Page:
Finally, to the woman who stole my work:

Dear Sister,

My anger and hurt have eased since I found my – and so many other sisters’ – posts on your blog last week.  You’ve been stealing from us for 3 years, and I don’t know that I can express what it felt like to discover that.  It cut deep.  I felt betrayed, dishonored, and pissed.  I was angry that you stole the work I spent days of my life producing with care, throughout years of honing my craft as a writer and coach.  I was angry that you were using other people’s work to get clients for yourself.  I was angry that it caused me so many more hours to dig to the surface, account for, and deal with.  I was angry that you cost me time with my family and the drained energy of emotional upset.  I was angry that you cost many of our other sisters these same things.

I was hurt that, as a sister, you’d steal our work and call it your own.

And I felt compassion for you.  I imagined how misaligned it must feel to be doing this while calling yourself a “Creative Business Coach” – stealing from others is neither creative nor good business.  I imagined the possibility that you’re really overwhelmed, or stressed, or perhaps something else that I can’t even imagine.  I imagined the possibility that you may have somehow justified this to yourself as acceptable, and how difficult it may feel to have lawyers and Google tell you otherwise.   I imagined that you are, still and after all, my sister…  I can forgive you.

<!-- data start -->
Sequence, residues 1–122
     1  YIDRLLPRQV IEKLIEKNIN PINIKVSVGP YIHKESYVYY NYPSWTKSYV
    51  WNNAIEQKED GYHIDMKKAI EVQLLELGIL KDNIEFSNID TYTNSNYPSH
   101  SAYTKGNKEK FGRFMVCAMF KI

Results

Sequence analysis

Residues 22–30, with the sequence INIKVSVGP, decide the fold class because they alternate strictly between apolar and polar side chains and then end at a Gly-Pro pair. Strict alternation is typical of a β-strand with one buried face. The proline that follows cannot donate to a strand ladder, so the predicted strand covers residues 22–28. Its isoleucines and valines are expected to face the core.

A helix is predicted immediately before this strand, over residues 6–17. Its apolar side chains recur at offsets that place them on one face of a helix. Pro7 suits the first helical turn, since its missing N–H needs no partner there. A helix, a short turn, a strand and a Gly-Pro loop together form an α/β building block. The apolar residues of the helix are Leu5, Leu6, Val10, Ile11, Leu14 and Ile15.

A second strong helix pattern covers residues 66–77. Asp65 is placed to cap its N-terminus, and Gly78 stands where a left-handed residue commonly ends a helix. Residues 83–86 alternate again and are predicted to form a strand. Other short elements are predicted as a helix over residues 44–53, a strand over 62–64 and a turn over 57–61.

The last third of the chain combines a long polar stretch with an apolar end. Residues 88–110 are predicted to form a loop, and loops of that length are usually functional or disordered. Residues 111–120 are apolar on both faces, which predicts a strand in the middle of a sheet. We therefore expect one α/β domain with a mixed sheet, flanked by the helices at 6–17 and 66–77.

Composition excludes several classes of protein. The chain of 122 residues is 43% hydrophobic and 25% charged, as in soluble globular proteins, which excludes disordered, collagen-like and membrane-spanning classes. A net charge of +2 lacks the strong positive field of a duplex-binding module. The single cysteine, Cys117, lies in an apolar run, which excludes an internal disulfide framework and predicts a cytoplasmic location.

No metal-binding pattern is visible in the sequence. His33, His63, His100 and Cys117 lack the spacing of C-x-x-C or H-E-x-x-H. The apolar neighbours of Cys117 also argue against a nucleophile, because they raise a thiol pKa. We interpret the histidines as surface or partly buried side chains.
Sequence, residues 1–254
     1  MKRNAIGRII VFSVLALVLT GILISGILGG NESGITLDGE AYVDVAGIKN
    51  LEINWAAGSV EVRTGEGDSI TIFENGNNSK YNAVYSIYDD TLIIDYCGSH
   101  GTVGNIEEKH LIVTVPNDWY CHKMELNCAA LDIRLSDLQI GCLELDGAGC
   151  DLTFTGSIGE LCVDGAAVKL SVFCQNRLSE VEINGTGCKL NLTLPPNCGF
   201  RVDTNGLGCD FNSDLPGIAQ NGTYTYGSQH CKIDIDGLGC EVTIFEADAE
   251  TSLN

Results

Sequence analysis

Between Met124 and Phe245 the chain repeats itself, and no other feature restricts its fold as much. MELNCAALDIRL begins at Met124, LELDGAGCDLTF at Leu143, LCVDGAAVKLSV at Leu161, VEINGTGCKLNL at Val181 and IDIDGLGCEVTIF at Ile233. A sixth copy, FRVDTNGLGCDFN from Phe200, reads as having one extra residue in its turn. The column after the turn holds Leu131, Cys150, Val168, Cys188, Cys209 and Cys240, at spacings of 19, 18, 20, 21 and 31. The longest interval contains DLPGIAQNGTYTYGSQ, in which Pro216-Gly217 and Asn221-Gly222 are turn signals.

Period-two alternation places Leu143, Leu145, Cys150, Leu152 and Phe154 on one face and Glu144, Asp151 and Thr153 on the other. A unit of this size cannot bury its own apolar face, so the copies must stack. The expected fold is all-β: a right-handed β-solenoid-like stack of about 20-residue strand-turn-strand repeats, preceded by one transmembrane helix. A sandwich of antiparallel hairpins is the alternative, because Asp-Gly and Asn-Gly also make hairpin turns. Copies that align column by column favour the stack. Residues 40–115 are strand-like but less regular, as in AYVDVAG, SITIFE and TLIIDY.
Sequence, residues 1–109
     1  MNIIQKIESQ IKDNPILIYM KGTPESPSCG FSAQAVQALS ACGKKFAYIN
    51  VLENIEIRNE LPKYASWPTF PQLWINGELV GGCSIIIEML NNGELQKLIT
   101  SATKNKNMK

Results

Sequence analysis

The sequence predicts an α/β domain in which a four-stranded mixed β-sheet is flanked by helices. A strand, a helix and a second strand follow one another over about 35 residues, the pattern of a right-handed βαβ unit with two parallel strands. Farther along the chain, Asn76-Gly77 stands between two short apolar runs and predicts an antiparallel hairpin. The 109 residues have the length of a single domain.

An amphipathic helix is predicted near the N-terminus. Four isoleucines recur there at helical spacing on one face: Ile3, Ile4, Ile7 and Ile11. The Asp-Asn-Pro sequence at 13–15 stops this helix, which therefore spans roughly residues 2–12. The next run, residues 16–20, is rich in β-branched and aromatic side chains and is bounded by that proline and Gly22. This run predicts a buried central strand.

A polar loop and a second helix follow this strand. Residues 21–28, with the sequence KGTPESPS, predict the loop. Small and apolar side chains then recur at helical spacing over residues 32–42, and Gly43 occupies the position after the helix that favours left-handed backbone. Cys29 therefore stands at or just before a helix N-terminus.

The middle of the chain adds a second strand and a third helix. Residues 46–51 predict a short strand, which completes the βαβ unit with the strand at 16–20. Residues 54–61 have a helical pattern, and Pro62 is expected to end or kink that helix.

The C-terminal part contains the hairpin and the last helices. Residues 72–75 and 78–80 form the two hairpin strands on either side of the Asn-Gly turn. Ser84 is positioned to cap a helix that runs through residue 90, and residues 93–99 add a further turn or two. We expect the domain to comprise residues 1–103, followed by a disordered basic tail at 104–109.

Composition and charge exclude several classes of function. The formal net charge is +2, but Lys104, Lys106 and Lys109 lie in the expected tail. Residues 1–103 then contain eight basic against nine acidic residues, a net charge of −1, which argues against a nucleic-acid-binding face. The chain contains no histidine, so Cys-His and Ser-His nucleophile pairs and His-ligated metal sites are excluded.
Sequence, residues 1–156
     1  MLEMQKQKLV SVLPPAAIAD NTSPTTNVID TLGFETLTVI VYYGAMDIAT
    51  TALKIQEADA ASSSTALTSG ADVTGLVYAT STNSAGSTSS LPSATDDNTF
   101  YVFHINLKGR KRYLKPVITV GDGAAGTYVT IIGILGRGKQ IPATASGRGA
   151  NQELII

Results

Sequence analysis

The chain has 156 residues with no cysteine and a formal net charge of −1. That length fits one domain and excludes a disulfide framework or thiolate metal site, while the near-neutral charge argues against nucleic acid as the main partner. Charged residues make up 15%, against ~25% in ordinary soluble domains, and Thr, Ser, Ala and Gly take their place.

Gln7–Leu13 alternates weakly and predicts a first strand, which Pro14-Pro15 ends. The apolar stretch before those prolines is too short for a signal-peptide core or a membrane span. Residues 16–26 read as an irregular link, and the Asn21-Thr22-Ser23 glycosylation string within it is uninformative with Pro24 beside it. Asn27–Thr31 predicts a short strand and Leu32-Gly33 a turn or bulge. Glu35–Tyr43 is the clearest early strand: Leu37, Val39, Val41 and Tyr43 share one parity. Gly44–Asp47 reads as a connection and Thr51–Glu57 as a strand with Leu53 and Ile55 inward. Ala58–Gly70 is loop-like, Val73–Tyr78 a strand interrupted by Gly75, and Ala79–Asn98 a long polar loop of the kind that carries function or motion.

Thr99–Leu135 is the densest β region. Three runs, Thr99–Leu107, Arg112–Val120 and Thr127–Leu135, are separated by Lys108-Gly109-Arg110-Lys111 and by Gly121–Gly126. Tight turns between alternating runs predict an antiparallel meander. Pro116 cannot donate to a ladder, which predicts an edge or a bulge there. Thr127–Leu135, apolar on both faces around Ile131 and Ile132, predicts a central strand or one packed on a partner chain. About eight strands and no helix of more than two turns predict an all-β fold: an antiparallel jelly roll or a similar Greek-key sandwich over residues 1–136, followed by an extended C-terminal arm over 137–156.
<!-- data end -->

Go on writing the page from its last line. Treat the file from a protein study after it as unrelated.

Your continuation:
What I want for you is what I want for all of us: that we cultivate the courage to create something original, and the tenacity to put it out into the world over and over again, until we get better and better.  I want for us all to feel proud of our creations, even if only because we put one foot in front of the other and did it.  I want for all of us to celebrate what we admire in others, while honoring that what we each bring to the table is unique and beautiful.

Sister, I want you to be free.  Please look inside and ask yourself the important questions, then rise and shine.

With love,


  1. Wow… I’m fairly new to the blog world, but I’m a former fashion designer so I’m not at all new to creativity or the ripping off of it. I love the points you made, so true. And you’re note to the woman who stole from you could not be more well said. Kudos girl.

  2. That must have been a challenging experience and you handled it with so much grace Nisha! So glad to hear that you found greater healing, clarity and ability to love through it (that’s what I read in between the lines).

  3. Nisha, I love how you communicate your feelings in this post AND turn it into a constructive learning experience for others. Well done! I would be pissed too.

  4. Totally agree. We all need to embrace our unique greatness. I say we stop looking on the outside what’s already inside of us.

  5. Know what I love most about this?
    That you really ARE; Fierce, Fabulous and Free, Nisha Moodley!
    Thank you for sharing this, making it real, and taking a stand for all of us. You, my sister, are answering your calling.
    XO Love you!!

  6. Nisha, I so feel you on this. I had a similar (but not so bad!) thing so recently, posted on my fan page about it and got very similar (well meaning) responses, especially the line about ‘nothing is original’. Your response captured it so well and LOVE your forgiveness + feminine power throughout.
    (Fave line: “Take your “raw inspiration and use it to express in your unique way”. Bang, got it in one).

  7. Great post. Thank you.